regrets

“a good houseman isn’t one who traces his/her results on time or finishes his/her work quickly. i can get a nurse or medical assistant to do those things. a good houseman is one who takes time to learn from the patient and asks questions.”

i almost laughed when the specialist said this during the houseman teaching session today. doesn’t she know that we’re doing the work of nurses, of medical assistants, because we don’t have enough of them who take pride in their work?

there’s nothing i would love more than to spend time with my patients, get to know them, educate them properly, ensure they’re discharged with the right information, in the right manner, with the correct medications. i get frustrated when patients come because they’re non-compliant to fluid restriction or they take their medicines inappropriately or they missed an ultrasound appointment, a followup appointment, whatever. it reflects failure on my part as their treating doctor…but it’s a failure often caused by wasted time looking for needles and iodine or going up and down seven flights of stairs just to get an official result.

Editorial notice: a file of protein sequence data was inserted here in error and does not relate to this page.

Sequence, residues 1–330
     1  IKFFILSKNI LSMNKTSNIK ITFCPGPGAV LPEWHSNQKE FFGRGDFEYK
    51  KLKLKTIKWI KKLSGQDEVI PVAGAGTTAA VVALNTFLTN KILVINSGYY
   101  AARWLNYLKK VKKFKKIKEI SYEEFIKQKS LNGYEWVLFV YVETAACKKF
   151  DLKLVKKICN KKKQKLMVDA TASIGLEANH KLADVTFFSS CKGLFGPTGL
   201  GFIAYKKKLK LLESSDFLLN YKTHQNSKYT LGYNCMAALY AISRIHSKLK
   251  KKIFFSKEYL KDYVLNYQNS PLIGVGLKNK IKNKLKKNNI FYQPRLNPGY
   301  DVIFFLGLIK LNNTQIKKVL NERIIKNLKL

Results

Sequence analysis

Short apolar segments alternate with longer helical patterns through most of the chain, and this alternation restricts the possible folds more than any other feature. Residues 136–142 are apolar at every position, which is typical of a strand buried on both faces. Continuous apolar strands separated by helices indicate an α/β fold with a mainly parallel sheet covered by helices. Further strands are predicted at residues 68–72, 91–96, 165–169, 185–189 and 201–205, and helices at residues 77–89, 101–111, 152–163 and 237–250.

i believe malaysian healthcare can only improve once people take pride in their work and give a damn about the patients. sadly, it seems like the only thing we care about is getting home by 7am, 2pm, 5pm or 9pm.

this is probably why my lecturers have always told us to spend as much time as possible in the wards with our patients while we’re still students – they knew we’d never have the privilege to do so again once we enter the workforce.

i wish i listened then.

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